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Eric Lindros makes Hockey Hall of Fame, leads surprising 2016 class

Eric Lindros is a Hockey Hall of Famer. 

Lindros, who dominated for a stretch of years with the Philadelphia Flyers before concussions cut his years short, was elected to the Hall of Fame on Monday along with Sergei Makarov, the long-time Russian scoring champ; Rogie Vachon, long-time NHL goaltender; and coaching great Pat Quinn as a builder.

Lindros is 19th in NHL history in points per game average with 1.138. He won the Hart and the Pearson in 1995. He has just 760 NHL career games, however, in a concussion-plagued career. But after Cam Neely and Pavel Bure made the Hockey Hall of Fame, the lack of games-played became less controversial. And as Bure showed, the operative word in the title of the place is FAME.

Lindros had it. He changed the game in the 1990s. He belongs here.

Makarov is a refreshing reminder about the name of the place, too: It’s the HOCKEY Hall of Fame, and not the NHL Hall of Fame. While Makarov scored 134 goals and 250 assists for 384 points in 424 regular season NHL games  - and won rookie of the year at 31 years old, forcing an eventual rules change. But it was his play for the Russian National Team that defined him, teaming with Vladimir Krutov and Igor Larionov to form the KLM Line. In 519 games in the Soviet Championship League he recorded 322 goals, 388 assists for 710 points. He won eight gold medals at worlds and two Olympic gold medals as well.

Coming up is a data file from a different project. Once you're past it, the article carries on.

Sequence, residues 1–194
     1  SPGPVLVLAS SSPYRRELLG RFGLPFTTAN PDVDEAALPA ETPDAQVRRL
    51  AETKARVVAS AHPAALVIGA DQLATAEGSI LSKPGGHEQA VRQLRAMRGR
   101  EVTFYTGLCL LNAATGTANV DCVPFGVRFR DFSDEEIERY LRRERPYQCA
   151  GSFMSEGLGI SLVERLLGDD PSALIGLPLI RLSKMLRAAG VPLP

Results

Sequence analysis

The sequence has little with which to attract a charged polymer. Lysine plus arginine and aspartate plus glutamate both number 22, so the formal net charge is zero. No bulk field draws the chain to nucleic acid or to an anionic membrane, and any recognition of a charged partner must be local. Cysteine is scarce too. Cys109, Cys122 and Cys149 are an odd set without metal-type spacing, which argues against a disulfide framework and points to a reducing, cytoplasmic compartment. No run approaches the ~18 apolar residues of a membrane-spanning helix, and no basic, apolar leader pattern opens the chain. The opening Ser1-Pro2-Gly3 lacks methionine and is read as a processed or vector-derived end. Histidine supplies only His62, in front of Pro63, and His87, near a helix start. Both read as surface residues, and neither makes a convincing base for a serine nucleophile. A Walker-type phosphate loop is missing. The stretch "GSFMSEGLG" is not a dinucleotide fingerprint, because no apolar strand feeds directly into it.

Vachon was a shocker. We had him at 20-to-1 in the morning odds, and it seemed like there was always a low buzz about this candidacy but nothing that amounted to a campaign. Through his 16-season NHL career, Vachon had solid stats. In 795 regular season games, he won 355, lost 291 and tied 127, also collecting 51 shutouts. In post-season play, he added another 23 wins, two by shutout, and 23 losses in 48 games. He won a Vezina and two Stanley Cup rings. Vachon played primarily for the Montreal Canadiens and Los Angeles Kings. 

Quinn was a given, and gets in over Don Cherry as a builder. He won the Jack Adams twice (1980 and 1992), Olympic gold in 2002 and other titles. He has 684 coaching wins, seventh all-time. Quinn passed away in Nov. 2014.

Among the snubs: Mark Recchi, 12th in career points (1,533) and 20th in career goals (577); Dave Andreychuk, who has 640 career goals; and Paul Kariya, a point-per-game player during the trap years whose career was cut short by concussions.

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Greg Wyshynski is a writer for Yahoo Sports. Contact him at puckdaddyblog@yahoo.com or find him on Twitter. His book, TAKE YOUR EYE OFF THE PUCK, is available on Amazon and wherever books are sold.

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